Chaenomeles 'Knaphill Scarlet'
The weather so far this winter has been amazing and I am getting ahead with the winter tidy up. Although satisfying it is a big job when you have 2 acres to do! But it's what I love doing and getting ahead now will mean we can spend time on new areas and new plantings, which is always the most exciting bit for me.
Clematis alpina 'Columbine'

Sunday, 12 January 2014

Making the most of the dry weather

We managed to get two days in the garden this weekend, even although the mornings were frosty we have plenty to do that keeps us warm and makes progress here in the gardens. I have been continuing the garden spring clean: finishing the gravel patio and starting the paved patio. This involved weeding the alpine troughs, cutting back herbaceous, sweeping up the slabs and forking the beds. I also started the morning garden, getting all the old tops of plants onto the bonfire and forking over two of the four big square beds.

Tidying the morning garden and removing stone from the bed
I removed an ivy growing on the house wall, to eliminate any damage from the stems getting into the brick work or harling, not sure where it will end up so it is healed in for now. We also removed the pile of stone and rubble lying in one of the morning garden beds from where we started to demolish and make safe one of the derelict byre walls (a future project).

The other big job we did on Saturday was finally finishing the office garden. I won't say too much as I want to do a blog devoted entirely to this garden and its construction soon. Suffice to say we have turned an untidy, weedy dumping area in front of David's office into a Scottish natives garden with pond and six distinct habitat plantings in less than a year. I am really excited about this area as its the first new garden within the garden for six years and has made a huge difference to the look of the front garden. Considering the awful soil we had to work with and it being David and Adam's first experience of landscaping and gardening on such a scale we did brilliantly.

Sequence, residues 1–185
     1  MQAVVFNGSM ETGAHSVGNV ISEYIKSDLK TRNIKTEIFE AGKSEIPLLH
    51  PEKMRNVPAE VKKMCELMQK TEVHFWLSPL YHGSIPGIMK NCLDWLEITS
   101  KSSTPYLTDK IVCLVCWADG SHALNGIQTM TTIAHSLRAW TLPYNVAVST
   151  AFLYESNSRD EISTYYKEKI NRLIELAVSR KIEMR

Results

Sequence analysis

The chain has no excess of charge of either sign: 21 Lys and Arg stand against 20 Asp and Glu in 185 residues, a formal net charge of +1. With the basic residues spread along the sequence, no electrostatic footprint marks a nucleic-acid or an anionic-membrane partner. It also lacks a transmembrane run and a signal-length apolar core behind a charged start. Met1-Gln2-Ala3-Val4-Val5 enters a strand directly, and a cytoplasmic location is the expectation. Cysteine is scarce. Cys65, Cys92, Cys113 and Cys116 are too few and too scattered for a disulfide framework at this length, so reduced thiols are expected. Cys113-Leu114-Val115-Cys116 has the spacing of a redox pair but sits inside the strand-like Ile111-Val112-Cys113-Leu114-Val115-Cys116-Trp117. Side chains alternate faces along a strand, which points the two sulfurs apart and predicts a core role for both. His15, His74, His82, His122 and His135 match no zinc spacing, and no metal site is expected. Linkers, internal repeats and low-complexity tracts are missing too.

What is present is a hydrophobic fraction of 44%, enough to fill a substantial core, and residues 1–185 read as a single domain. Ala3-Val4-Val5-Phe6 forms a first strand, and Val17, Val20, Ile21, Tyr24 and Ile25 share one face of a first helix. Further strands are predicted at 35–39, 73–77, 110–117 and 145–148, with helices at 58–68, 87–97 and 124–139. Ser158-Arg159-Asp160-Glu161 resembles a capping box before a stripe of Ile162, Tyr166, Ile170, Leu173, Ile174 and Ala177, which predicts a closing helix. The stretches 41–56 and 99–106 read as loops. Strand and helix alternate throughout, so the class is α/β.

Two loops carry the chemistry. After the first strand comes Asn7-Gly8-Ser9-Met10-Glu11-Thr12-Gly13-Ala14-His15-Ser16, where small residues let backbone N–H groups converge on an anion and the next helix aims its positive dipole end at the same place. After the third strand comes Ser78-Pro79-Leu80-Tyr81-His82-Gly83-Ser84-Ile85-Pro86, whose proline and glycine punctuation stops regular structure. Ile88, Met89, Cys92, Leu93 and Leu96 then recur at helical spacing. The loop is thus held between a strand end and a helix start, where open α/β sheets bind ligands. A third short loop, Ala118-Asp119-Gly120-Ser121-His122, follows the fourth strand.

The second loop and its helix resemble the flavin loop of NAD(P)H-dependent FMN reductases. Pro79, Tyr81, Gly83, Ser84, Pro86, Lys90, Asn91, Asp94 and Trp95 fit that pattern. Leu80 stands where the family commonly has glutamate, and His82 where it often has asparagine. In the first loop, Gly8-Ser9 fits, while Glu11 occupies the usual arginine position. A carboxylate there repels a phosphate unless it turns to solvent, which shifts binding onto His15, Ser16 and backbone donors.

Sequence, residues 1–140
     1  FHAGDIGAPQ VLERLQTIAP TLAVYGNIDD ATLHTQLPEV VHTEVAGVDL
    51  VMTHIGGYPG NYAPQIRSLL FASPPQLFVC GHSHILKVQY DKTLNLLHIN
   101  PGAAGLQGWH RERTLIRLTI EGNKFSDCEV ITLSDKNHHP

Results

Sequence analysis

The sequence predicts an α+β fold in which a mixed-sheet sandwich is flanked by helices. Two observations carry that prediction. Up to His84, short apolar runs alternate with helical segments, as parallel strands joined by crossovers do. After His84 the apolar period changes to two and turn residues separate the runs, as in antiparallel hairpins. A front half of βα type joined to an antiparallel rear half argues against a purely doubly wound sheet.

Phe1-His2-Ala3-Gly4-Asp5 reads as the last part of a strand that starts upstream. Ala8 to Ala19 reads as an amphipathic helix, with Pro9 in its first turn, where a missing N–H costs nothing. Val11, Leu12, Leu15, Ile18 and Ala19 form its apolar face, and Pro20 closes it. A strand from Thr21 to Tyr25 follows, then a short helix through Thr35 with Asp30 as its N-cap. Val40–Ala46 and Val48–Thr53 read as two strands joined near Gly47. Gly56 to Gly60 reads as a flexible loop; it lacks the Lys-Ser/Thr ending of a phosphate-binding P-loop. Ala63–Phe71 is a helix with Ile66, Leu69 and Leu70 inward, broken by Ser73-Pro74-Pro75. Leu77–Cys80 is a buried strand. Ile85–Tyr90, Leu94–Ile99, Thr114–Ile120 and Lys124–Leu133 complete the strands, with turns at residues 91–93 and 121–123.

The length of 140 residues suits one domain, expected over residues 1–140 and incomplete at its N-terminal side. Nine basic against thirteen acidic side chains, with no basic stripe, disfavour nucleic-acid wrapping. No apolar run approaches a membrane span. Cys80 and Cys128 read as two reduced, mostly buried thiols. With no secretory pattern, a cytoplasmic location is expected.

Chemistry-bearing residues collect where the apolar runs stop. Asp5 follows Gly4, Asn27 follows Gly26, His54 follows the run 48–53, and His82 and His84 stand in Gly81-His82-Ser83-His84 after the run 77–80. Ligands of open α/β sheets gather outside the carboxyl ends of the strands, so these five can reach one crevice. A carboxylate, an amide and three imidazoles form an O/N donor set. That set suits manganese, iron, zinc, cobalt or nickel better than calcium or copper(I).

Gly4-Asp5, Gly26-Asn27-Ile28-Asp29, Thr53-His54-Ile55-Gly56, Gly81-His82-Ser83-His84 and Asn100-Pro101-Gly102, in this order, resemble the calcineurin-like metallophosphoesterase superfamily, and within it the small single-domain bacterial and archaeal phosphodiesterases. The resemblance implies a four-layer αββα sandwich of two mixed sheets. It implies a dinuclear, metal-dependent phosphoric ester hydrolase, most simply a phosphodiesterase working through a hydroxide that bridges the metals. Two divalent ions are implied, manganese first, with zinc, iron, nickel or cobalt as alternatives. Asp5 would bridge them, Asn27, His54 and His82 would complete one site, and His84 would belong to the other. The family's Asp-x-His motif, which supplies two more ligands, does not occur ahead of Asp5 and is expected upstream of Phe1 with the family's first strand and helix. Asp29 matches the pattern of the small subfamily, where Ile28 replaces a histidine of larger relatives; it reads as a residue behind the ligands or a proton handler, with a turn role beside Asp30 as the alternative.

March 2013, some of the rubbish had already
been moved
All finished, just some plants to add in spring

So now its back to work tomorrow for a rest! Ha ha. Hope you all had a good weekend.

For those of you who read my earlier post about new years resolutions: in week one I have lost 3lb having been really good and stuck to the new eating plan and excersise workouts and we have already saved £40 on our food shopping this month and there is still 2 weeks to go. Feeling good.

Saturday, 11 January 2014

Happy new year, time to start the big garden tidy.

By now we have eaten, drunk, been merry, been full of festive spirit and cheer and are all Christmas-ed out. Hopefully you all had a merry Christmas and a happy new year. Once the festivities are over and because I have two weeks off at Christmas I keep my fingers crossed we have some reasonable weather and I can get out and start tidying up the gardens for spring. Some gardeners start this in autumn once everything goes over, but I like to leave the garden to slide gracefully into winter, enjoying the frost on the seed heads, late flowers and also giving plants extra protection if we have very cold weather and deep frosts. But it is also important to get it all done before the bulbs and herbaceous start growing and emerging from the ground.